resolution it wants to without a veto so the south actually has an enormous voice in the u.n. sometimes that's a problem because when the s.g. the secretary general wants to reform a personnel system or redeploy money he always has to try to lobby the ga and that's ok right i'm going to jump in here we're going to go to a short break and after that short break we'll continue our discussion on the united nations with our. i. i i. i . nature and discover its beauty.
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dot com. welcome back to cross talk i'm peter lavelle to remind you we're discussing if the united nations is still relevant. and as i'd like to go back to something you said earlier in the program in looking at the charter of the united nations from one thousand nine hundred three was october nine hundred forty five and low in look what it does to. day did do you did really that document did you would think ever that the united states would i'm sorry the united nations be so involved in military conflicts of peacekeeping operations where the road record special particularly since the the end of the cold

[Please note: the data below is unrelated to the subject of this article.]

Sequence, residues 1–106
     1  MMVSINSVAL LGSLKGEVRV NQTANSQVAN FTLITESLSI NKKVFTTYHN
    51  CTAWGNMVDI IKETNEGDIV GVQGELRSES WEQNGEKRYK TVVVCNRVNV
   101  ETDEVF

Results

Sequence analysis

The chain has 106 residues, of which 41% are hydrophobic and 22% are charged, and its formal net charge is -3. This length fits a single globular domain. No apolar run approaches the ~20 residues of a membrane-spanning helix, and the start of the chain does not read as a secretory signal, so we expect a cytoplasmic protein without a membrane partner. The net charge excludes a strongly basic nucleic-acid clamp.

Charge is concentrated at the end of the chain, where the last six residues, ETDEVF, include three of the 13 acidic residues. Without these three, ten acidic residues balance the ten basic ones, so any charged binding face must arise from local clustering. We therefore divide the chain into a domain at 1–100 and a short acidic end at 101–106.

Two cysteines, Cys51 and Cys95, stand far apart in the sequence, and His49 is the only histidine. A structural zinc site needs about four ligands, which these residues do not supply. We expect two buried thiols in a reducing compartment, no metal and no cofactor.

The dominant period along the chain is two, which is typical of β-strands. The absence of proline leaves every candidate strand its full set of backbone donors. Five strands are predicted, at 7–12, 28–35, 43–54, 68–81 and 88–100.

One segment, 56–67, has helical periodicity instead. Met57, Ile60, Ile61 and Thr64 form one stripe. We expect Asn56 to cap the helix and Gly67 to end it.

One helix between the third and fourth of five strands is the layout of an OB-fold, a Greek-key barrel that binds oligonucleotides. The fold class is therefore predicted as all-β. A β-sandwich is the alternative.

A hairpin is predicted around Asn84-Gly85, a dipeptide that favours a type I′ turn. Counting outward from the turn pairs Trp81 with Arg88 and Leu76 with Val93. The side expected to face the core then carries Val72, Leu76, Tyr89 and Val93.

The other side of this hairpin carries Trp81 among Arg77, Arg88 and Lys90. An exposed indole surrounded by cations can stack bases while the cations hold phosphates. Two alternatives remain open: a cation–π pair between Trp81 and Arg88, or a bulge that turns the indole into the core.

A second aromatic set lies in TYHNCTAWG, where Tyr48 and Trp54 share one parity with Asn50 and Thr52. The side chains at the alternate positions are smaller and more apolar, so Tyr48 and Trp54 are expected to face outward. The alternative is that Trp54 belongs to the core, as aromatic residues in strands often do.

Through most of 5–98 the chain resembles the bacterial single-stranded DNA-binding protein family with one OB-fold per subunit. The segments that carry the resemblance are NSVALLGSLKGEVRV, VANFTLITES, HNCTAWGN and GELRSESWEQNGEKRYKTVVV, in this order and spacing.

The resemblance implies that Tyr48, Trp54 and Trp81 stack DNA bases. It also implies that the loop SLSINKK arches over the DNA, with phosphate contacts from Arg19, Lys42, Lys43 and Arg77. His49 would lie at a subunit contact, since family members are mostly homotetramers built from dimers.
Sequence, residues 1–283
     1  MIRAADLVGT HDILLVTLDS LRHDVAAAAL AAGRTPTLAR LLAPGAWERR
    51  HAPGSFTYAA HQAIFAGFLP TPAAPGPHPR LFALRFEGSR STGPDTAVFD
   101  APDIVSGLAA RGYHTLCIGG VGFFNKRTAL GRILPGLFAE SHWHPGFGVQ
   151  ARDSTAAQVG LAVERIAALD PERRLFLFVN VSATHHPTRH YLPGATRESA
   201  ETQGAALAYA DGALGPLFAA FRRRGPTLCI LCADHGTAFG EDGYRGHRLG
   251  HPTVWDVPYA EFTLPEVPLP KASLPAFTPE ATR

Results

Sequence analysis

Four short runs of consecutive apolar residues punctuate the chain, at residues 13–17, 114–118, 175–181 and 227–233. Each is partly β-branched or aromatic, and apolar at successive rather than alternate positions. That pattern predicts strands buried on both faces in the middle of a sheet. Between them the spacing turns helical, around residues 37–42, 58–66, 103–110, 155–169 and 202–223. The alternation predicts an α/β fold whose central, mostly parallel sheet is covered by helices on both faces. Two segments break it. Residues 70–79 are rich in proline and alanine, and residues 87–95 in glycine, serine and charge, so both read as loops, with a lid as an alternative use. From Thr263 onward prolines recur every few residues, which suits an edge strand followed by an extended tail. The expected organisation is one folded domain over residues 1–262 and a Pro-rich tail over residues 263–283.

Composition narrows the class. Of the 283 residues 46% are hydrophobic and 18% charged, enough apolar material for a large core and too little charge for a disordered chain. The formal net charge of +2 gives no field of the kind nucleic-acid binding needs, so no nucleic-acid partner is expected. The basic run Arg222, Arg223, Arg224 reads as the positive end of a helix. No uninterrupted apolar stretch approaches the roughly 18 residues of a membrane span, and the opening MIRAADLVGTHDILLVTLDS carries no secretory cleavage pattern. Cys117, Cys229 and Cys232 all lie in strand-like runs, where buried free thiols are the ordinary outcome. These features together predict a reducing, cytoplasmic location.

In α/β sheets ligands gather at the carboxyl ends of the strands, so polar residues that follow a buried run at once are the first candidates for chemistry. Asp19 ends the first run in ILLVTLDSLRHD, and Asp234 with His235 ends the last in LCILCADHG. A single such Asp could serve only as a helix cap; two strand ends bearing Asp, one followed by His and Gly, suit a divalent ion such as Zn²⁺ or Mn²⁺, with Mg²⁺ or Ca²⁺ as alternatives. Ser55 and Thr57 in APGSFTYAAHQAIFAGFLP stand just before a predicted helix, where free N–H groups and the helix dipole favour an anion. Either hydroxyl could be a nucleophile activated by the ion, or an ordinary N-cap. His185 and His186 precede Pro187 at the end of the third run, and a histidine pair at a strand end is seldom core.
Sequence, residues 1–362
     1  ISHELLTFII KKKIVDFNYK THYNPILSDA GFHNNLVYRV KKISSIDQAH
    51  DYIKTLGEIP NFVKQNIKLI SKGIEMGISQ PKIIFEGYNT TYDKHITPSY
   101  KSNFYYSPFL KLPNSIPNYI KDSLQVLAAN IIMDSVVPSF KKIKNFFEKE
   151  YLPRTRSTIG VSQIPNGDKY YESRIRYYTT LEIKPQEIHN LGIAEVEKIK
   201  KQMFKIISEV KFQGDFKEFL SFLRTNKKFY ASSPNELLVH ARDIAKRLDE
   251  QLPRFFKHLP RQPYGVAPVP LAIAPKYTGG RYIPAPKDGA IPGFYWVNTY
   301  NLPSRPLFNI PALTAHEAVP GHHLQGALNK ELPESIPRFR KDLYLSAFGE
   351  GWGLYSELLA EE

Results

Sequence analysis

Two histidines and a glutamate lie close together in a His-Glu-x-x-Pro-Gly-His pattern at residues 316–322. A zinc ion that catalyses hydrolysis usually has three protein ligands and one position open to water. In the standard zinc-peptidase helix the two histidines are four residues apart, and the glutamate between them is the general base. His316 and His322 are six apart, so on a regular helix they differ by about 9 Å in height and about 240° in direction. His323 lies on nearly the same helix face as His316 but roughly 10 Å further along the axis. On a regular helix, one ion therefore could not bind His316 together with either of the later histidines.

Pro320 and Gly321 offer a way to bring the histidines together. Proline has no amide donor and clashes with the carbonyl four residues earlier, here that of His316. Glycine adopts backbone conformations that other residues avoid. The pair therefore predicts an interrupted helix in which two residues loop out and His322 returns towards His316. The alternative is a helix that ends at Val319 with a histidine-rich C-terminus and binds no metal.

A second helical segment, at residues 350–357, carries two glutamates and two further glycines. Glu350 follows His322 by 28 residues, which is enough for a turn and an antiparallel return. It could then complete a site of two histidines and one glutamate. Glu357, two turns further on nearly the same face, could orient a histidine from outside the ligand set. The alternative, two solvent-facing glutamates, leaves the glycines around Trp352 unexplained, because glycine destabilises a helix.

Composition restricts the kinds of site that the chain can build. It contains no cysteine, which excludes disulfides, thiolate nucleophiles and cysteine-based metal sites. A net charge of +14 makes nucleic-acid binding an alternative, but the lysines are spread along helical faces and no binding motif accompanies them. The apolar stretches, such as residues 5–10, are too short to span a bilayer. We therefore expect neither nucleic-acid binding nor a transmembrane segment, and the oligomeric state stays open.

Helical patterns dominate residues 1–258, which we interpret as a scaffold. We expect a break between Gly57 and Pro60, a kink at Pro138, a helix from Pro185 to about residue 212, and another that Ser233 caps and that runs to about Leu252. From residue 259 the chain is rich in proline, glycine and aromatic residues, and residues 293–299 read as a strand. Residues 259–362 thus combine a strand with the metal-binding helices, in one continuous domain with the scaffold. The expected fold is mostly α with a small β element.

war has been bit sketchy to say the least and i'm thinking of rwanda i'm thinking of what's going on in haiti and of course you know it's looking at maybe afghanistan and things like this i mean was the united nations ever really really built to be involved in that kind of thing i mean peacekeeping is when the war is over and you get on the get on the ground in libya they took a side they were the air force of a rebel group of people. reading the charts you'd like to think that war was going to be far more difficult to approach far more difficult at least. accreditation legitimization unfortunate that hasn't transpired then as you put the examples that you mentioned then i'd like to add to that mention iraq and because you mean the first part of to talk about iraq before two thousand and three and before the united nations was totally sidelined by the united states and united kingdom who had an agenda and wanted that legitimacy is thomas put in i totally agree with him but they couldn't get it so they went it alone and it really didn't